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US and China Hold High-Level Trade Discussions
The talks in Washington end with an agreement to increase air links, but no word of progress on the deficit issue.
24 May 2007
This is the VOA Special English Economics Report.
They agreed to increase the number of direct flights between the United States and China. And Treasury Secretary Henry Paulson and Chinese Vice Premier Wu Yi said the talks cleared the way for other progress. But no progress was reported on the issue of the trade deficit.
It was the second in a series of talks, the U.S.-China Strategic Economic Dialogue. The next meeting is later this year in Beijing. Vice Premier Wu says talks are better than threats of what she calls “irresponsible” protectionist measures against China.
Some American lawmakers say China is taking too long to raise the value of the yuan. They say China unfairly keeps its currency weak. They say this fuels the deficit by pushing down the cost of its exports and raising the price of American-made imports.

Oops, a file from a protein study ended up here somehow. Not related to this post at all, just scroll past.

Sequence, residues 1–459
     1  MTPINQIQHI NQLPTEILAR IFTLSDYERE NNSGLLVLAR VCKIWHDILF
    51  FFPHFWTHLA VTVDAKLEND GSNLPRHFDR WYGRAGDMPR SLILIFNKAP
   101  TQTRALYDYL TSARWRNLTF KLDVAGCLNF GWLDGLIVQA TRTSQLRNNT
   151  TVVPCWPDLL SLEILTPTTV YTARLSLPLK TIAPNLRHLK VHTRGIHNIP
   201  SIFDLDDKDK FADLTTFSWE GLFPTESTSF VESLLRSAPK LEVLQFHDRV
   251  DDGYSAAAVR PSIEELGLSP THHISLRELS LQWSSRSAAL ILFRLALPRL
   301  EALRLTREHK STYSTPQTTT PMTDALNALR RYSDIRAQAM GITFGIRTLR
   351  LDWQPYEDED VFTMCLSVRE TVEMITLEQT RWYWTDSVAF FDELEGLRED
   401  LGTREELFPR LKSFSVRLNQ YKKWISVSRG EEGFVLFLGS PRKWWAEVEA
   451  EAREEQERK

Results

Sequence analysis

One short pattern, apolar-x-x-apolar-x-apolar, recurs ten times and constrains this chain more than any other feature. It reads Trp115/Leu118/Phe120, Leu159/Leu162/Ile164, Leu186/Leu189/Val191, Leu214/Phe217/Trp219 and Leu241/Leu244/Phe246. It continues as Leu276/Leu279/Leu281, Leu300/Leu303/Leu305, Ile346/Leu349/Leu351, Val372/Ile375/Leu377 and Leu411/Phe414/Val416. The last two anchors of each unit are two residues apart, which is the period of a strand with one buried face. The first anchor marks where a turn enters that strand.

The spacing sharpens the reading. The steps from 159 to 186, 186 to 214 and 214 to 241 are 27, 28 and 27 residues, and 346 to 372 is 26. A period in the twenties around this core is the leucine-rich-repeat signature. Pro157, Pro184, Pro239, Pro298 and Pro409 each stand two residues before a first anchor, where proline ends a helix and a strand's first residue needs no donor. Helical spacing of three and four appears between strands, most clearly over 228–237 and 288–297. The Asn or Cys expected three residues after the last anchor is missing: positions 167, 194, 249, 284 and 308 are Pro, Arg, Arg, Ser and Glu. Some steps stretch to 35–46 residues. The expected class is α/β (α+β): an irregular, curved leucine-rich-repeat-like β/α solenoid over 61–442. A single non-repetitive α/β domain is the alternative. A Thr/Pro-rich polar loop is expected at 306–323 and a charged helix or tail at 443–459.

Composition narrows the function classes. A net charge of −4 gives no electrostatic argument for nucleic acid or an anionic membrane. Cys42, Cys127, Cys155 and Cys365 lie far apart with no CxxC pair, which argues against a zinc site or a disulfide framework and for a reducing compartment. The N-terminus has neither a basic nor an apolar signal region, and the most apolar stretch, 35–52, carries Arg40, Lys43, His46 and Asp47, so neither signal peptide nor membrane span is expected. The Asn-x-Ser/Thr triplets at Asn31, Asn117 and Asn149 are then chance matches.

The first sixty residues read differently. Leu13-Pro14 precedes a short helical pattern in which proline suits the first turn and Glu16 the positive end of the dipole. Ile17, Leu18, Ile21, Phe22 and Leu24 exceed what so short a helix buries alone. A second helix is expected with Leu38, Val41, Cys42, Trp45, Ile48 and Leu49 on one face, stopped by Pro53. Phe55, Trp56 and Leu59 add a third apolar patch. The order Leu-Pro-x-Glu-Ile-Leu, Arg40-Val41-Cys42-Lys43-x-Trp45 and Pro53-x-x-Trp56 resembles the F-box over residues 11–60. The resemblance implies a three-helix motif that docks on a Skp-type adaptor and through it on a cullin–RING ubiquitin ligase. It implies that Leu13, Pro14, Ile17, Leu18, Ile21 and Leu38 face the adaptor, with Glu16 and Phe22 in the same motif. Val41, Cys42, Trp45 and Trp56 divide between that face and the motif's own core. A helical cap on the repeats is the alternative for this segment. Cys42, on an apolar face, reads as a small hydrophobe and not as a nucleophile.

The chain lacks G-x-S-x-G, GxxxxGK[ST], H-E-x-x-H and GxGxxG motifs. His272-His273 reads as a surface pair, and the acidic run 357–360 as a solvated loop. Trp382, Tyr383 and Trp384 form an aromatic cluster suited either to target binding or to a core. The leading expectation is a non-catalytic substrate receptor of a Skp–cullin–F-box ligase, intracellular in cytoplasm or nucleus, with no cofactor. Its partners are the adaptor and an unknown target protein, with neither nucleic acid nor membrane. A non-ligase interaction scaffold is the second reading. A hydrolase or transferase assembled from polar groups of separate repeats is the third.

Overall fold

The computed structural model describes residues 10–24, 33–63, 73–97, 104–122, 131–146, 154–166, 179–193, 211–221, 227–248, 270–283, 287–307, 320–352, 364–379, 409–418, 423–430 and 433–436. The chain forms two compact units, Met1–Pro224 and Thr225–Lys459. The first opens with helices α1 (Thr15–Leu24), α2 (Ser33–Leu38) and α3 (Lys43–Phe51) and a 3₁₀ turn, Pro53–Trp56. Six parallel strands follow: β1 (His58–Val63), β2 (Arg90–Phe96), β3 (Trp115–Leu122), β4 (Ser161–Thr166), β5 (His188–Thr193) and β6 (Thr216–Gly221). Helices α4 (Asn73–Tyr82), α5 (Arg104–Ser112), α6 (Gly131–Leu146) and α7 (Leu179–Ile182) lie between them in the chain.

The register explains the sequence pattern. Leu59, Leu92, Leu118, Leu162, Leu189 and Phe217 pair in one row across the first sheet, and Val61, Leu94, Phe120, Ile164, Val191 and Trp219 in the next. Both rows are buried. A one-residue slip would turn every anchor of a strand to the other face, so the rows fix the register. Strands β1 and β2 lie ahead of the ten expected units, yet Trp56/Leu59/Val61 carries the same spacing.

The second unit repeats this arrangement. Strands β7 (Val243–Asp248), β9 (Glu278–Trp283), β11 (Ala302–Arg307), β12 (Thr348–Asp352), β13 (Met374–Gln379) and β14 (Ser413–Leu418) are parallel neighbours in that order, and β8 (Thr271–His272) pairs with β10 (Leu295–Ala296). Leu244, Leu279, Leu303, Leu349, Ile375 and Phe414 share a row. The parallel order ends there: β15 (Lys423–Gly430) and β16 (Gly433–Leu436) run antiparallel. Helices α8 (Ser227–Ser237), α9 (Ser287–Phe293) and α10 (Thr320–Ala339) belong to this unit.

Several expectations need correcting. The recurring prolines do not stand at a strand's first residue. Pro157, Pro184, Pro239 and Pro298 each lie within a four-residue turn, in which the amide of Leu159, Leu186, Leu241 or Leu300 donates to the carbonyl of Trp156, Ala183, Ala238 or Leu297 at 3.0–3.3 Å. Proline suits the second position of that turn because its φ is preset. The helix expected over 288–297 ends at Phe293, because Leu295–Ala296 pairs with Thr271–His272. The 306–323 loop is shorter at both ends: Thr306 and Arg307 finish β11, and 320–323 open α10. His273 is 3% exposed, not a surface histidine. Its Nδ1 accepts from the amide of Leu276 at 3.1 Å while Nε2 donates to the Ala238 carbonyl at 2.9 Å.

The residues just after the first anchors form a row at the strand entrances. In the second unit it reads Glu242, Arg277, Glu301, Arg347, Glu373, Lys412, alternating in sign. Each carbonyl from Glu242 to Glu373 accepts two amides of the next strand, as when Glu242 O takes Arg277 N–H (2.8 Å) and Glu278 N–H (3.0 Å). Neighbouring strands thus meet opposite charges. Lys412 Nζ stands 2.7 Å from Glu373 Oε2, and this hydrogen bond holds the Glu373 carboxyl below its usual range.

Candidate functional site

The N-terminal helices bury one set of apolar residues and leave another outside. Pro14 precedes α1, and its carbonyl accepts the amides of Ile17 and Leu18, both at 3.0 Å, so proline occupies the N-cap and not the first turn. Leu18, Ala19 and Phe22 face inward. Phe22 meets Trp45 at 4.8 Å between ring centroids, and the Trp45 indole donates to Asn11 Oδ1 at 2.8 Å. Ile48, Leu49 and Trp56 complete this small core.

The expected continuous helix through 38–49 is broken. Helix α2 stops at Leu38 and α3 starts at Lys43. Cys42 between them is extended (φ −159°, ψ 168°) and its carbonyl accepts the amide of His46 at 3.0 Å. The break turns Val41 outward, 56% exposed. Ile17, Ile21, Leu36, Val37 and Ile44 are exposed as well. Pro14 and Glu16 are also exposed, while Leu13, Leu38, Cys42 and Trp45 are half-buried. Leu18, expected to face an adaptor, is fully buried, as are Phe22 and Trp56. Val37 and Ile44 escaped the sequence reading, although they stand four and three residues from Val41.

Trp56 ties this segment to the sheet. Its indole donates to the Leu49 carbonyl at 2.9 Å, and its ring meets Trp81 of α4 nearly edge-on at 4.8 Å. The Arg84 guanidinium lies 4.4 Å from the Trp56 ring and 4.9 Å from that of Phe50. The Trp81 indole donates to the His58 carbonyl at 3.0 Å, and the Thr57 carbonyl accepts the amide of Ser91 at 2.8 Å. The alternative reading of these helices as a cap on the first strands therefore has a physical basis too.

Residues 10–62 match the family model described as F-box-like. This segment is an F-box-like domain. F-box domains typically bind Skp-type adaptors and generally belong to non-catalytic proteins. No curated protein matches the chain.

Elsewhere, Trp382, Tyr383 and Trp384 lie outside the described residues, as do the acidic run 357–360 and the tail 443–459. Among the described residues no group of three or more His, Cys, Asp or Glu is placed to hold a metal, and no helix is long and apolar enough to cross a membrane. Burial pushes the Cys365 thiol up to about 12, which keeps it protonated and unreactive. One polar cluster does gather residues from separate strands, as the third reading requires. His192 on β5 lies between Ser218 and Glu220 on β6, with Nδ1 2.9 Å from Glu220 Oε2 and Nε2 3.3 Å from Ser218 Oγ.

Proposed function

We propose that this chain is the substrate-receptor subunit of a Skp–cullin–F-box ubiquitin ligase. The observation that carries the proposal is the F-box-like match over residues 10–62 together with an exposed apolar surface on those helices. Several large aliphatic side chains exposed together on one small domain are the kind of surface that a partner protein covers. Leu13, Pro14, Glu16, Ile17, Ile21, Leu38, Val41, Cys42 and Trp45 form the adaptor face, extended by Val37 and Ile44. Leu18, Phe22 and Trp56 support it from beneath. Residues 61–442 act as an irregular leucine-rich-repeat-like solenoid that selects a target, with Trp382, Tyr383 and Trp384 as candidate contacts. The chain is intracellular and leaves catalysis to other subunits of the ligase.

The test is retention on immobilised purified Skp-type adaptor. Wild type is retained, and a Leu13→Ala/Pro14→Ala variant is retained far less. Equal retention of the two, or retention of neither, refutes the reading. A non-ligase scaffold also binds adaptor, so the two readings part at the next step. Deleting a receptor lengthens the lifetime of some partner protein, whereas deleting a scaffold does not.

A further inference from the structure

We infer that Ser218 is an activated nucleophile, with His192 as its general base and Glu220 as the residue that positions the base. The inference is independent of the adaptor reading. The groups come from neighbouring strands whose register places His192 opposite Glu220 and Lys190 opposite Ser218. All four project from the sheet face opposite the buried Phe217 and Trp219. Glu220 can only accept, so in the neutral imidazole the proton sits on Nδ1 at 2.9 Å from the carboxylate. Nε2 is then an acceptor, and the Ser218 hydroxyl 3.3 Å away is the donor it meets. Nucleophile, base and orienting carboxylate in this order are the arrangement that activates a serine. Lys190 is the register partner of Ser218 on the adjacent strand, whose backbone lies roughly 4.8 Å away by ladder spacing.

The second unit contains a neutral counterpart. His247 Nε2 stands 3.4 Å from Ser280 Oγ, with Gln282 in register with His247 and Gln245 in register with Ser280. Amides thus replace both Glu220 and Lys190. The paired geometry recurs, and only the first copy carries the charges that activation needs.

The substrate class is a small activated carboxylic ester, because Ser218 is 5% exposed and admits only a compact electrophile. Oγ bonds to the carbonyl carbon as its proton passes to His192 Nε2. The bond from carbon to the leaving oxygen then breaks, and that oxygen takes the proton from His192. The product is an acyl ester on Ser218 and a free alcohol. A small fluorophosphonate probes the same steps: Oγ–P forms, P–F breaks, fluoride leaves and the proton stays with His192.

China eased controls on the yuan this week, but not enough to satisfy many critics. China promises more but says a large increase would hurt its fast-growing economy. Some experts say the yuan would rise fifty percent if permitted to trade freely. Others think it would be much less.
China’s huge trade surplus has left it with the world’s largest foreign exchange reserves, more than one trillion dollars. Most of that is held in United States government debt. But China took steps this week to change the way it invests its reserves, in order to seek higher returns.
China will invest three billion dollars in the Blackstone Group, a private-equity company based in New York. The deal will take place as Blackstone sells stock to the public for the first time. But China said it did not want any voting rights in the company.
One of the ways, he said, is to get the Chinese people to spend more, to change from savers to consumers. For example, the United States has been trying to get China to open up its beef market.
Still another issue: The United States is pushing China to do more about illegal copying of movies, music, software and books.
And that’s the VOA Special English Economics Report, written by Mario Ritter. I’m Steve Ember.